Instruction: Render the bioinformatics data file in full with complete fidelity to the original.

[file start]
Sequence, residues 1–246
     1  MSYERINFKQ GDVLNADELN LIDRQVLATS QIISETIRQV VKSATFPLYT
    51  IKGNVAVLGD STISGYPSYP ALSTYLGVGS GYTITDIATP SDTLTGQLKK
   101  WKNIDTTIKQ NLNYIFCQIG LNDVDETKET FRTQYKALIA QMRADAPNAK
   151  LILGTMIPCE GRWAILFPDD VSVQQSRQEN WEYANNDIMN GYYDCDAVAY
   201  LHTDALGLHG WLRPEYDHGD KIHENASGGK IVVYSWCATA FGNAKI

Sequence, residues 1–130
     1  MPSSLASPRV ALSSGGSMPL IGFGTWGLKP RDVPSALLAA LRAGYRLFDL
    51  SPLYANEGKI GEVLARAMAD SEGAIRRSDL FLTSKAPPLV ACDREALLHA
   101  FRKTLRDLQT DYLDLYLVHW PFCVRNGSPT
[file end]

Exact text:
Sequence, residues 1–246
     1  MSYERINFKQ GDVLNADELN LIDRQVLATS QIISETIRQV VKSATFPLYT
    51  IKGNVAVLGD STISGYPSYP ALSTYLGVGS GYTITDIATP SDTLTGQLKK
   101  WKNIDTTIKQ NLNYIFCQIG LNDVDETKET FRTQYKALIA QMRADAPNAK
   151  LILGTMIPCE GRWAILFPDD VSVQQSRQEN WEYANNDIMN GYYDCDAVAY
   201  LHTDALGLHG WLRPEYDHGD KIHENASGGK IVVYSWCATA FGNAKI

Sequence, residues 1–130
     1  MPSSLASPRV ALSSGGSMPL IGFGTWGLKP RDVPSALLAA LRAGYRLFDL
    51  SPLYANEGKI GEVLARAMAD SEGAIRRSDL FLTSKAPPLV ACDREALLHA
   101  FRKTLRDLQT DYLDLYLVHW PFCVRNGSPT